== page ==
Moscow: Russian authorities on Tuesday announced the evacuation of the village nearest to the site of a nuclear accident in northern Russia, suggesting dangers more grave than initially reported.

The still-mysterious incident last week killed seven people and released radiation, apparently when a small nuclear reactor malfunctioned during a test of a novel type of missile near a naval weapons testing site.

Russian officials have released a flurry of misleading or incomplete statements downplaying the severity of the accident, which the military first reported on Thursday as a fire involving a liquid-fuelled rocket engine. It was not until Sunday that Russian scientists conceded a reactor had released radiation during a test on an offshore platform in the White Sea.

That pattern of murkiness continued on Tuesday, as news reports and official statements offered only the vaguest explanation for the evacuation and hours later indicated it had been called off.

Officials have insisted radiation levels are not elevated and that the displacement of the population of the village, home to about 450 people, should not be called an evacuation.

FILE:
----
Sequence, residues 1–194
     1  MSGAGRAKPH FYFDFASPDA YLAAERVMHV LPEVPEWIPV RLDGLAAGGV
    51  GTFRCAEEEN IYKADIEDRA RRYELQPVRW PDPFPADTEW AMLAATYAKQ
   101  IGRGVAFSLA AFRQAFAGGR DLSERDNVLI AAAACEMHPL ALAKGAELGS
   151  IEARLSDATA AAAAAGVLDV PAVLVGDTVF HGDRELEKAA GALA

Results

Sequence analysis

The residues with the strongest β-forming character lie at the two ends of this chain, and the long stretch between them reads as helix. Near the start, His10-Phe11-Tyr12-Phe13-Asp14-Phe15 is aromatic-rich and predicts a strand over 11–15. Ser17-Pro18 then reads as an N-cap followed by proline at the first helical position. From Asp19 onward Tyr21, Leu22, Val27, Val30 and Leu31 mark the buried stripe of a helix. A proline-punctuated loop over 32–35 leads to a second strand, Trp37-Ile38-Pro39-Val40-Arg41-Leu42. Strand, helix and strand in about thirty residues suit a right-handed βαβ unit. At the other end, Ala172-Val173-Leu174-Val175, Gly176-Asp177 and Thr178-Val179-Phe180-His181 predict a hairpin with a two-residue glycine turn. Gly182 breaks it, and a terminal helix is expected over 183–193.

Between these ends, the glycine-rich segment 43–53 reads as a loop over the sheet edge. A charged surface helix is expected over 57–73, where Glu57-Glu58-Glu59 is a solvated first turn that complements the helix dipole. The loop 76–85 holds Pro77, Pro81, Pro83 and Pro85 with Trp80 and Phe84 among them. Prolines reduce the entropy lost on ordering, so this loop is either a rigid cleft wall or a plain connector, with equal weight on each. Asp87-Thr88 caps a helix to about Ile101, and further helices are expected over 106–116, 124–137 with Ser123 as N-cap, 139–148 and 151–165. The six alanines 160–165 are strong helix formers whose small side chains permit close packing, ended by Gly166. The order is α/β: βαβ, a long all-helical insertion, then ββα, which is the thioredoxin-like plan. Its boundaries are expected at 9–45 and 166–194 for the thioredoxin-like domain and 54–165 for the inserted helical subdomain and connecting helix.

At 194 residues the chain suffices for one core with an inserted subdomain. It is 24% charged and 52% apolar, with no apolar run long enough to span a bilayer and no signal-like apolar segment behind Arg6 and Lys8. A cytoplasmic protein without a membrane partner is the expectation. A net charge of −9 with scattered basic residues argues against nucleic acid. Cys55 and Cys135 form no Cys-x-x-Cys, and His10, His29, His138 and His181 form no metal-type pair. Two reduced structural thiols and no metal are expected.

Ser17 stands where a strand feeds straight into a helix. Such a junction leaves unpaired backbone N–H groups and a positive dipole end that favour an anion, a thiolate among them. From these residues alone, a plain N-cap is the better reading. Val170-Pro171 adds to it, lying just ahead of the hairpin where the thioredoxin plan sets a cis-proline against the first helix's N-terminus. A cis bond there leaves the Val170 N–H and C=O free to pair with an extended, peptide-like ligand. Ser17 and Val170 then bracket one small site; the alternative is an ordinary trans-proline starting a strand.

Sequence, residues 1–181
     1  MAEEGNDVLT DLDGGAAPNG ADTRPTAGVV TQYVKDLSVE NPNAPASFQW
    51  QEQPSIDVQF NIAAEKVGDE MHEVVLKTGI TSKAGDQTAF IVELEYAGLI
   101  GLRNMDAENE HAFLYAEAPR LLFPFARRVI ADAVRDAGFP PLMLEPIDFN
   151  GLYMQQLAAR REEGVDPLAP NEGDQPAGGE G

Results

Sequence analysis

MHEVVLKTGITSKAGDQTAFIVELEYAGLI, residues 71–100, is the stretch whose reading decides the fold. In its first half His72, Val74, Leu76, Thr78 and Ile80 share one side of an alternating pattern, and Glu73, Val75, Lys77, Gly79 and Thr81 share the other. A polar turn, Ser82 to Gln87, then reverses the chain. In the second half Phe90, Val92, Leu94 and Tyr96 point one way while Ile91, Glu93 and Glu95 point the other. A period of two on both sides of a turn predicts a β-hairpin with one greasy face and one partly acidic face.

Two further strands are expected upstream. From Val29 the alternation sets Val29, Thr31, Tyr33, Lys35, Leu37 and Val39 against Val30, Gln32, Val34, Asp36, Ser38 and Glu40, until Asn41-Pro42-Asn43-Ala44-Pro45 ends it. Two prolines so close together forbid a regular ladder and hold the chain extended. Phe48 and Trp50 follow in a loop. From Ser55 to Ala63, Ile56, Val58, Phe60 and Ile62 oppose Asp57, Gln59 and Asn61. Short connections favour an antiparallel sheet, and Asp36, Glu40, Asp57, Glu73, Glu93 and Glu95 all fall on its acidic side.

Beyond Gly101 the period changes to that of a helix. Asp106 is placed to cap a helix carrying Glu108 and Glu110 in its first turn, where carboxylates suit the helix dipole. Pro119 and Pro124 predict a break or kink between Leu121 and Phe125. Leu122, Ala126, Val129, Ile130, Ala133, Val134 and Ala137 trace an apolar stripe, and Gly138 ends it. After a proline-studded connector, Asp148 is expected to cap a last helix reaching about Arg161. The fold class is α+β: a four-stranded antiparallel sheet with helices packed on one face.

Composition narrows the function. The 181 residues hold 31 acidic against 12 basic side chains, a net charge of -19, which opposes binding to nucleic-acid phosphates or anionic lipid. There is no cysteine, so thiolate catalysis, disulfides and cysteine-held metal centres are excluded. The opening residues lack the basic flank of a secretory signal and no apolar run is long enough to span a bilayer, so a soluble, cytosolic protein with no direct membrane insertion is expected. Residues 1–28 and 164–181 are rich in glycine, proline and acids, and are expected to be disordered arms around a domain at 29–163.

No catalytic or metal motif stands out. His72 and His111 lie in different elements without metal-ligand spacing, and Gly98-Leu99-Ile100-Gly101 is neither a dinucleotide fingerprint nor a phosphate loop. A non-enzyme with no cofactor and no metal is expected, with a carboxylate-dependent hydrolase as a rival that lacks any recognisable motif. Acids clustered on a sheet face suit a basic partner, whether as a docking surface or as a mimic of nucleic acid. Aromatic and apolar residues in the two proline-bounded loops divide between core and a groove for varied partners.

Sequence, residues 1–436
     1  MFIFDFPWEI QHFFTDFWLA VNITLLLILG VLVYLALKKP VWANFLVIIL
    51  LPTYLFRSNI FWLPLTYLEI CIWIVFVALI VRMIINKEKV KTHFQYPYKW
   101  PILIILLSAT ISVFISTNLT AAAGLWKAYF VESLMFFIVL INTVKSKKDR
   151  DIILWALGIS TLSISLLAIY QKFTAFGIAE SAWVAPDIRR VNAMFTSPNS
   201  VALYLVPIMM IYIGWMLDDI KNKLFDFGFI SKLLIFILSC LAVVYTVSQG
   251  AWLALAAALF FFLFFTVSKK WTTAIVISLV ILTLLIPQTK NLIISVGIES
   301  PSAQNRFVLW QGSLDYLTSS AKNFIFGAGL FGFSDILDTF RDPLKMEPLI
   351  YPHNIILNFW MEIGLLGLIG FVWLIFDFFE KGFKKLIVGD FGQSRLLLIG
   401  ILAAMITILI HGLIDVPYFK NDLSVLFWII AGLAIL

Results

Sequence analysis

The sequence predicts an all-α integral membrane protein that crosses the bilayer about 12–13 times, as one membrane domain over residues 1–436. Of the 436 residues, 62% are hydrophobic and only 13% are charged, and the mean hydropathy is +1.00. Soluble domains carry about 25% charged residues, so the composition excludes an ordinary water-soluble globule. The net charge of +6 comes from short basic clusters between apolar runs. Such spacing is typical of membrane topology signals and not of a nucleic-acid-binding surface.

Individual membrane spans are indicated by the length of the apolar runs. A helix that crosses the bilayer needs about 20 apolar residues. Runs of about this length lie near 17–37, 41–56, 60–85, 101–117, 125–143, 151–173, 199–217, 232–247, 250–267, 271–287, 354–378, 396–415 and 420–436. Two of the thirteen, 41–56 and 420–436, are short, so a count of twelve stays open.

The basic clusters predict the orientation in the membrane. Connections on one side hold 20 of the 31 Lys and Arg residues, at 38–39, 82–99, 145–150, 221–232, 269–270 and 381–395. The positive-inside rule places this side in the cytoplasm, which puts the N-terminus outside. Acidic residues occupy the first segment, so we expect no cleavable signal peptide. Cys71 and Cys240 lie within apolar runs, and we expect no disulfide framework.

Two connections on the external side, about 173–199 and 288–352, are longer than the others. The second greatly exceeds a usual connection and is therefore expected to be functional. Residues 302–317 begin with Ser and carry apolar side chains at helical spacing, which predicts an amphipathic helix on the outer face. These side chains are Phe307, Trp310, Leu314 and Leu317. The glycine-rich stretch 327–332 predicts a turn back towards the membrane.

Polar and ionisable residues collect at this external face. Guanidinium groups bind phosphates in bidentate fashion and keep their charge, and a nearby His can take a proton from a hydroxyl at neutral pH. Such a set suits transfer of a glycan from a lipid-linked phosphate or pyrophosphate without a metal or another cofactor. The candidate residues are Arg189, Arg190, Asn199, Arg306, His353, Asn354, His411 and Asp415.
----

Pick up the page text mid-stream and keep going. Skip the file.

Residents of Nenoksa, the village closest to the incident, were told to leave on a special train that would be sent to their community, TV29, a local news outlet, reported on Tuesday. There was no indication when it might be safe for them to return.

Later on Tuesday, however, a report on Interfax suggested the evacuation might have been called off.

President Vladimir Putin boasted last year that Russia was testing a cruise missile that would be propelled by a small nuclear reactor, in addition to carrying a nuclear warhead, flying a path too unpredictable to be intercepted.

Western analysts called the missile “Skyfall,” and on Monday, President Donald Trump tweeted that the accident last week was a Skyfall exploding.

Russian statements about the intensity of the radiation release have been contradictory. Scientists with the Russian Federal Nuclear Agency said Sunday that radiation levels had climbed briefly to twice the background level in Severodvinsk, about 40 km from the test site.

But on Tuesday, Russia’s national meteorological agency reported radiation had risen last week to 16 times the norm in that city. No reports indicated the level in Nenoksa, located on the edge of the test range.

The New York Times

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